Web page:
When we think about the project completion time of one project in relation to another project, we often think about the nuances that make this project different from that project — and by extension — why this project won’t take as long as that project. Planning fallacy. If you can, ask someone who has experience in project completion in the area for which you’re estimating. When you ask this person, be sure not to tell them all the “various ways why this project is different,” because it probably isn’t and it’s only going to cloud the predictive ability of the person you’re asking. You’re probably going to hear an estimate that’s larger than you thought, but I bet you that it’s probably a lot closer to the real project completion time than the estimate you made based on thinking about the ways that this project was going to be different than all the other projects like it.

If you liked this post, you might like the first three posts in this series:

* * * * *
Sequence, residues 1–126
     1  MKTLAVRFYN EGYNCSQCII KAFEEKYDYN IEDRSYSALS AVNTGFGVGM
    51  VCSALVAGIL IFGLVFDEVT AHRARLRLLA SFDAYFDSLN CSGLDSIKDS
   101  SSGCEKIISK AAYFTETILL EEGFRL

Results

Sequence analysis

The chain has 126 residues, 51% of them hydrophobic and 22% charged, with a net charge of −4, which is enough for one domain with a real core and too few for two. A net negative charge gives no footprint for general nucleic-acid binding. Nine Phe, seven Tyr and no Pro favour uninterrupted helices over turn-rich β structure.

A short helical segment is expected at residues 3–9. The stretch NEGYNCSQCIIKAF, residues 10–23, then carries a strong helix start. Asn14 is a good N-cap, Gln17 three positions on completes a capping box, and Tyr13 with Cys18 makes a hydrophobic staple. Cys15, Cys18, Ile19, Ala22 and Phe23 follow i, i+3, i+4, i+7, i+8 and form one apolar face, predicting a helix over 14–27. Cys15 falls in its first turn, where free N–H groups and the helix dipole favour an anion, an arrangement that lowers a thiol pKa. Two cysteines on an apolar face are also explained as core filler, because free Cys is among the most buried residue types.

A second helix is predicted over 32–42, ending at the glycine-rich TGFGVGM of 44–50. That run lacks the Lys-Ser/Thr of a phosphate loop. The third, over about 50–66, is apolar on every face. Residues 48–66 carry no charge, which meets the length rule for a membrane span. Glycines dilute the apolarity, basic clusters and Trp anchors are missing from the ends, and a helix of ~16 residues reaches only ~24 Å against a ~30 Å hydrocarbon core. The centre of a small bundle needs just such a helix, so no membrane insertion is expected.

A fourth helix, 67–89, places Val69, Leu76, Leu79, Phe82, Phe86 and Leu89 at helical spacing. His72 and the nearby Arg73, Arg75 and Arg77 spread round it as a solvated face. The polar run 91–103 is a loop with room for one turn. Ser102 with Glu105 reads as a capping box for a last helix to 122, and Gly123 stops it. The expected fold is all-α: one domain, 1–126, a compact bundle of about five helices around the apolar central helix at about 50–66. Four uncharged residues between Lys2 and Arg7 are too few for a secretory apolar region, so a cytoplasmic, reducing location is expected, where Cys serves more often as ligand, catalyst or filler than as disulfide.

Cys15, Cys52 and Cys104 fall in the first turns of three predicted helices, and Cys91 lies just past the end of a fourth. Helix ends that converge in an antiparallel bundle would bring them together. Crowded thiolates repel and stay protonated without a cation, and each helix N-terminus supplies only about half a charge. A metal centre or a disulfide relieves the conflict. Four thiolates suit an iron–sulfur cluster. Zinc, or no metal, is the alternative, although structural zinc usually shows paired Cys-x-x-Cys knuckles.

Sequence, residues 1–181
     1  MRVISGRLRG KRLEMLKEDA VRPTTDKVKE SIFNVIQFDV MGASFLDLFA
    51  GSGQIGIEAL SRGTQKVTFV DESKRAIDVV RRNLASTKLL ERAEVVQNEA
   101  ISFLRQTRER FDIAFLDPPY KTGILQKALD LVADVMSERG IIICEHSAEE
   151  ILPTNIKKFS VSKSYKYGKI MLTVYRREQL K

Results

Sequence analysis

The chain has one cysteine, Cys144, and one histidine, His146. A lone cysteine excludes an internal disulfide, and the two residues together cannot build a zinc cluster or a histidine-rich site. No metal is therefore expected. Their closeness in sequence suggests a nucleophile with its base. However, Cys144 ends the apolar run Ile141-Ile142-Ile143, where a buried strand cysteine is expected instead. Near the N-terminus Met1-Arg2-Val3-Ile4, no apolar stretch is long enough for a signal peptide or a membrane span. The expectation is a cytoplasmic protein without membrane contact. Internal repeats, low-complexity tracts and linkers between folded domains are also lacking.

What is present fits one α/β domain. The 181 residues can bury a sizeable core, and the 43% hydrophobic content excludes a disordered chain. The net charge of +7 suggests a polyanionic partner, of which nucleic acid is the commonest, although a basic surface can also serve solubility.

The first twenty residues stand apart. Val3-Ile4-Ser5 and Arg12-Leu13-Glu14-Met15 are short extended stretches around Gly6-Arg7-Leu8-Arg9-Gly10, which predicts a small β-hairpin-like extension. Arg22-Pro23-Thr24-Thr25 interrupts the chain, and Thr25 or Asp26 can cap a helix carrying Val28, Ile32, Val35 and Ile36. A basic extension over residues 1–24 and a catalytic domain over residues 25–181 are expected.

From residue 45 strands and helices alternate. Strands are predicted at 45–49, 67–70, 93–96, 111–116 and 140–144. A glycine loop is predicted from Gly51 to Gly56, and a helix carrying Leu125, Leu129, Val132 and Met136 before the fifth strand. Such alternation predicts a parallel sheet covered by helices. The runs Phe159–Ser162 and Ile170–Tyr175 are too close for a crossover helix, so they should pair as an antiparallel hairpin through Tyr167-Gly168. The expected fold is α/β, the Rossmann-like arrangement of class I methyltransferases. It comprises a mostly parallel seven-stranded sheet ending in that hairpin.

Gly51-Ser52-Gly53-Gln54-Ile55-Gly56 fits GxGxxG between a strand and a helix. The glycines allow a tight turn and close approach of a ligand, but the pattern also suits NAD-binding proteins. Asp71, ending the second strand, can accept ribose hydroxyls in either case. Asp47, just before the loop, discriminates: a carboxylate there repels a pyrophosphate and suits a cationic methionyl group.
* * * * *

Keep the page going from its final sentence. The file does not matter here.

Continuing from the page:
Quick Thoughts on “The Continuous Reinventing of the Machinery of Government”

I’m into the last semester of an MBA. For my last two electives, I chose courses that could serve me if I chose to be public servant or if I chose to get into the foreign service (I realize those aren’t mutually exclusive areas). My two electives are International Relations and Administration in Public and Nonprofit Organizations. The IR class is certainly challenging as I never had a political science class during my time as an undergraduate. The Public Admin. class has been really fun so far — I’m learning a lot about how the government functions (and doesn’t). I just finished reading one of the chapters for class tomorrow and I wanted to share a few excerpts and some thoughts. All excerpts come from Shafritz’s/Russel’s/Borick’s Introducing Public Administration, 8th edition, Chapter 3, “The Continuous Reinventing of the Machinery of Government.”